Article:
Advertising on benches in Columbus: Tacky or beneficial?

Published 9:51 pm Thursday, October 12, 2017

COLUMBUS – While some say advertising on benches in Columbus is a tacky eyesore, others say it’s a good way for businesses to advertise.

Columbus Town Council met Sept. 28 and first heard from councilman Josh Denton, who has expressed concern about benches that have advertisements in downtown particularly.


“It looks tacky,” Denton said. “If we’re trying to make the town look nice, that’s really not helping.”


Denton asked if the town could create an ordinance restricting those types of advertisements to certain parts of town. He also said the benches could look nicer, too.


Councilman Mark Phillips said the businesses need a way to advertise, and asked what is their alternative.


Denton said businesses have newspapers, social media and flyers.


“I don’t think it needs to be done at our expense,” Denton said.


The benches are provided by an advertisement company who sells a business ad space on the back of a bench. Some of the benches are downtown, while others are at strip malls, such as the Food Lion Plaza and the former Bi-Lo building.


Robert Williamson made a presentation regarding the advertisements and made some suggestions.


Williamson said what may be an eyesore to one person is an advertisement bench for another. He said they are fairly new benches in good condition and structurally sound.


“As a resident, that’s an effective form of advertising,” Williamson said. “Small businesses depend on that because it’s very affordable. I see these as advantages to the businesses and advantages to the residents.”


Williamson showed pictures of the benches as well as other pictures, including the old Amoco gas station. In his opinion, a property like the Amoco at the entrance to Columbus is an eyesore. He also mentioned kudzu issues at the car wash and further down Mills Street where the kudzu is taking over sheds.


“To me, those are eyesores,” Williamson said. “As a resident and a former small business owner, I prefer dealing with these kinds of eyesores instead of these businesses.”


Williamson suggested the town leave the benches alone and develop a Columbus business directory. He said there are 90 businesses in Columbus and the directory could be done in print as well as online. He also suggested the town clean up its gateways by holding property owners accountable.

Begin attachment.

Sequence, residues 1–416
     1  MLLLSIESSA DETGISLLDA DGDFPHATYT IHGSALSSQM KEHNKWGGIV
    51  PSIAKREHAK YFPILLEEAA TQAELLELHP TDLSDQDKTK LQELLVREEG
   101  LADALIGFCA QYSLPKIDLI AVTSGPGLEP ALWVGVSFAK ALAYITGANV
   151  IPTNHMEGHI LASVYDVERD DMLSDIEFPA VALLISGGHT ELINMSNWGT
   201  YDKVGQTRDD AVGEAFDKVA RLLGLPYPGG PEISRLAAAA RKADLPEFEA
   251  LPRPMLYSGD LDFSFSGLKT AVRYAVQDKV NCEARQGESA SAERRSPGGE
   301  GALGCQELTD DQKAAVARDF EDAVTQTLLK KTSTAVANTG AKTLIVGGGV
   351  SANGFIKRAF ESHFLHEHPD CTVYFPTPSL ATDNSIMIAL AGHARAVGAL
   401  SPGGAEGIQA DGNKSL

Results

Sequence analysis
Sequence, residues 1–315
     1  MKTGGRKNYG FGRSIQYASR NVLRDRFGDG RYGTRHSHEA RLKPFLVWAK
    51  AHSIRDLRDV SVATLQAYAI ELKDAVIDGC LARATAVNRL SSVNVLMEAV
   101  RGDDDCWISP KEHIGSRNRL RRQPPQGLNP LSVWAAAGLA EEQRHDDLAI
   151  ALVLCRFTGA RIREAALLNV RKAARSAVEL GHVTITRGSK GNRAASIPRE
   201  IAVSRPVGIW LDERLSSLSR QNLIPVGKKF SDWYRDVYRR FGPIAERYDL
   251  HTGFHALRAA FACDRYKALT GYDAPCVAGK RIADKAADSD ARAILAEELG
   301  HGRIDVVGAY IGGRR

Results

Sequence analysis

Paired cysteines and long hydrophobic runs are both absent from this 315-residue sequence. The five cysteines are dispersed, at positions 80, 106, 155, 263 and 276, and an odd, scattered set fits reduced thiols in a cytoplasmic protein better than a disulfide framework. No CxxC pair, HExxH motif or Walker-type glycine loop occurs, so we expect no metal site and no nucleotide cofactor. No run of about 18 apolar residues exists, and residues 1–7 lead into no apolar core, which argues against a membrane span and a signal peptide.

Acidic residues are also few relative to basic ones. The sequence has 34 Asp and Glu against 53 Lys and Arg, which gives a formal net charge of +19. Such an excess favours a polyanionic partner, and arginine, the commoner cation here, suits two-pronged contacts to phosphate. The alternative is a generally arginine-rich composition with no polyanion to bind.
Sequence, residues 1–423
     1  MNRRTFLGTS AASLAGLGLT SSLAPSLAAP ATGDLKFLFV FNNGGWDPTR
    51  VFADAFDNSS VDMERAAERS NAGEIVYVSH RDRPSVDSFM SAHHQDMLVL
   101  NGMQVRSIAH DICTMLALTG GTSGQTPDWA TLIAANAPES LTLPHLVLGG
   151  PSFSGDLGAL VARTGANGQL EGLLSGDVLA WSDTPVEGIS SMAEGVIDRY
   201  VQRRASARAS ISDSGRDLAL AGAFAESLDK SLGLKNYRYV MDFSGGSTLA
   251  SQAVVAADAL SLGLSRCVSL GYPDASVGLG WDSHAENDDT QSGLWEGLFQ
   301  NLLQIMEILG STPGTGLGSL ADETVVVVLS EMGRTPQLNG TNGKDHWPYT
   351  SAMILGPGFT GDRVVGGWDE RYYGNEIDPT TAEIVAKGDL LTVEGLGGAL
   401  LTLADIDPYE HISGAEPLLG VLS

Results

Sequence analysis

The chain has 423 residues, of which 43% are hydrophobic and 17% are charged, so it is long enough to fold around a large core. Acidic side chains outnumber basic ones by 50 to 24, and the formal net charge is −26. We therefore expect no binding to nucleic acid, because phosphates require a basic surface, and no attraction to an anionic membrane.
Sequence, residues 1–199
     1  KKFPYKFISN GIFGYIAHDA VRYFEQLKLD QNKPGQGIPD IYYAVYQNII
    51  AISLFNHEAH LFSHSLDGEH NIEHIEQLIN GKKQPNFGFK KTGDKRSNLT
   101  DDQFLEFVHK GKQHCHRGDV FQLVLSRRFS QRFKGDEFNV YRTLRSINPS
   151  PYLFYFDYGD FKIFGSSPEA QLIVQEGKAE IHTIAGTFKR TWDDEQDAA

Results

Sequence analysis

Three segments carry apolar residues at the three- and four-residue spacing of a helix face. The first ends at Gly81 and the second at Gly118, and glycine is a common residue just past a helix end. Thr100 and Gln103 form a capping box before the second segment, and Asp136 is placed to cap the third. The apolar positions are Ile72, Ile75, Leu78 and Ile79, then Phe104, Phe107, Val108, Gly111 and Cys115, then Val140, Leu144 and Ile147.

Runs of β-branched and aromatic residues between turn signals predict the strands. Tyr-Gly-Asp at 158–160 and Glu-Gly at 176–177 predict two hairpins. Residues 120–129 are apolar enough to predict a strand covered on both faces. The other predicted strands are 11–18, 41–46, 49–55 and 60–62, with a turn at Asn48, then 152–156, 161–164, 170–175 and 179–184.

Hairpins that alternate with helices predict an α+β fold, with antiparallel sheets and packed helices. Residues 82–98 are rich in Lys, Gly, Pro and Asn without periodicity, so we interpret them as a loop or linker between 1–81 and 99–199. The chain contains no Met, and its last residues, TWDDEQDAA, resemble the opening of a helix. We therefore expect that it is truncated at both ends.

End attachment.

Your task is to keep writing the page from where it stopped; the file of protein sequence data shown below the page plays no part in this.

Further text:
Columbus Mayor Eric McIntyre said he recently got a phone call from a resident saying the old Amoco is an eyesore. McIntyre said town manager Tim Barth was going to send a letter to the property owners about the environmental nuisance because the town does have an ordinance for environmental nuisances.


McIntyre asked if nothing is done by the owners, what can the town do?


Barth said the town could either contract to have it cleaned up, or clean it up themselves and then send the property owner a bill. If they don’t pay the bill, the town could put a lien on their property.


McIntyre also suggested council members come back to the next meeting with spots in town they think are nuisances so the town can come up with a list to send letters.


On the benches, councilwoman Margaret Metcalf said the town should put them where they want them if they are going to be on town property.


Council also discussed who would be liable if someone tripped over a bench and hurt themselves. Town attorney Lora Baker said she is sure the company that owns the benches and the town would be in the lawsuit.


Council directed Barth and Baker to bring them ideas regarding regulating the advertising benches on town property without hurting local businesses.